Wheels on the bus coming off
P.A.C.T. in danger after cuts
Marcus Clem | editor in chief
An ever-tightening fiscal climate is set to curtail, and perhaps eliminate, Pittsburg’s free bus service that runs daily around town.
The Southeast Kansas Community Action Program (SEK-CAP), based in Girard, relies on funding from the federal and state governments to pay for the Pittsburg Area Community Transportation (PACT) bus service.
Those monies have not escaped the culture of fiscal austerity that is gradually taking effect nationwide, and the community may soon lose part or all of its daily public transportation.
Other SEK-CAP services, such as the maintenance of the CHOICES homeless shelter on 2nd and Pine, may also be affected.
Becky Gray, SEK-CAP director of research, planning and grants development, says that the shelter assists about 300 people every year.
“Right now, it depends on the final funding levels, but it might just shut,” Becky Gray said.
Shallow government coffers
The financial danger facing SEK-CAP is coming from multiple directions.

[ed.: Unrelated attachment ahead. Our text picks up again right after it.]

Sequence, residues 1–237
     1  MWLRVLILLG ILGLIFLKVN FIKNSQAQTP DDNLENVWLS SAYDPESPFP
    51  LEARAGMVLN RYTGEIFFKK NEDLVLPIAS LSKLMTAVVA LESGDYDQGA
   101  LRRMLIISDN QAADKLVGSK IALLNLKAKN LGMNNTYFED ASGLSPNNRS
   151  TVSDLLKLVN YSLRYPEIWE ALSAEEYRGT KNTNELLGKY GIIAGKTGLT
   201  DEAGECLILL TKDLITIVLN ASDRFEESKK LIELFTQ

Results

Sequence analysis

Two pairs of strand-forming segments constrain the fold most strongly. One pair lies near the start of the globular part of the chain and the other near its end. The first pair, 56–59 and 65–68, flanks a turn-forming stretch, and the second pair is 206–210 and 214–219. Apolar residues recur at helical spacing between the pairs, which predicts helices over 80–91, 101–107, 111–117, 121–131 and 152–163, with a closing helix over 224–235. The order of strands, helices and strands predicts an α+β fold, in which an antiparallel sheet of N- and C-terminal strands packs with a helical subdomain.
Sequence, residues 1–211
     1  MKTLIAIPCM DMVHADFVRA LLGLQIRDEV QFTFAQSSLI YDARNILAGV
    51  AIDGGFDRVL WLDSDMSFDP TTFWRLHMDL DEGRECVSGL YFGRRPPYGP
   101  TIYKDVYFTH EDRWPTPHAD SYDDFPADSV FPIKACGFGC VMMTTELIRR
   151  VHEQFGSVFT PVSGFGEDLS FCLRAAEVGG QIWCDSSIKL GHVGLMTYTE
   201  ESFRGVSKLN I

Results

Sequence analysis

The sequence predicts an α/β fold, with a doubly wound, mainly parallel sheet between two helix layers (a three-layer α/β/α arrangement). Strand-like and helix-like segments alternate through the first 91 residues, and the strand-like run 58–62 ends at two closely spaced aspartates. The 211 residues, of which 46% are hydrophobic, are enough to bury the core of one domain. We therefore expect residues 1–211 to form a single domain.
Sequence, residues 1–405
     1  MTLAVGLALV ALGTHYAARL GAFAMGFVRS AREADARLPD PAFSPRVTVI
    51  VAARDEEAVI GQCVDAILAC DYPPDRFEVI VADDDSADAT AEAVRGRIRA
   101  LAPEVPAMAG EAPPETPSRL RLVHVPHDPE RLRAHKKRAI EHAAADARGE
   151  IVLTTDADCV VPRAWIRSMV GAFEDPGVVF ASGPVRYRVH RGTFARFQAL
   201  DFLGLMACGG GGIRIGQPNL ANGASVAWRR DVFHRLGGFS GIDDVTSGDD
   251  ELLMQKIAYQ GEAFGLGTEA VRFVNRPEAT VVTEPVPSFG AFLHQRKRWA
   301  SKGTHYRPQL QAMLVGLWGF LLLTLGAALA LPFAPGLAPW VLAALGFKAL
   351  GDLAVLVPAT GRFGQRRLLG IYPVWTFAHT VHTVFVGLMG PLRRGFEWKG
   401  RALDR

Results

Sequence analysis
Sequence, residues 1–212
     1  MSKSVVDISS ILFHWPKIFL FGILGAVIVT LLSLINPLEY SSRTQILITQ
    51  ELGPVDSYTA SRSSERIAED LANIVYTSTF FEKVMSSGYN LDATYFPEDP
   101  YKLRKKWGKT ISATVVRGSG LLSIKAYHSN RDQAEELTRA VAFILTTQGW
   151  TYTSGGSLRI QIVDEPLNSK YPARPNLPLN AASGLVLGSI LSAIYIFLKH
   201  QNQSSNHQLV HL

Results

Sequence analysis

On the federal end, sequestration, a schedule of automatic budget cuts that will gradually affect the federal government over the next decade, is tightening money all around.
The Community Services Block Grant (CSBG), on which SEK-CAP depends, is also slated for an independent 50 percent cut.
Steve Lohr, SEK-CAP executive director, says it could get worse.
“We could end up dramatically changing how the bus operates,” he said.
On the state level, there is an additional problem.
The Kansas Housing Resources Corporation (KHRC), an arm of the state government responsible for portioning the state’s CSBG money, is considering a plan that would reallocate 10 percent of SEK-CAP’s portion to other parts of the state.
All together, SEK-CAP may be faced with a shortfall of about $543,724, roughly 73 percent of the organization’s funding, Lohr says.
If these cuts become final, Lohr says, severe reductions in the services SEK-CAP provides will become unavoidable.
The KHRC held a hearing on funding through the CSBG on Thursday, Aug. 15, to consider Lohr’s argument to maintain funding, but he says he is pessimistic about a solution coming at the state level.
“We will have to rely upon Health and Human Services to intervene,” Lohr said of his planned appeal to the federal government in the coming months, “and that may be a long shot. Otherwise, we’ll have to entertain other options … As regards PACT, the last thing we want to do is cut that service.”
Less money, less service
For the PACT bus service, several adjustments are available. One is to cut hours of operation for the two bus routes PACT operates. Another is to stop operating one of the routes entirely.
Gray says that SEK-CAP is also considering how to adjust the demand-response transportation program, which allows residents to call the bus 24 hours in advance.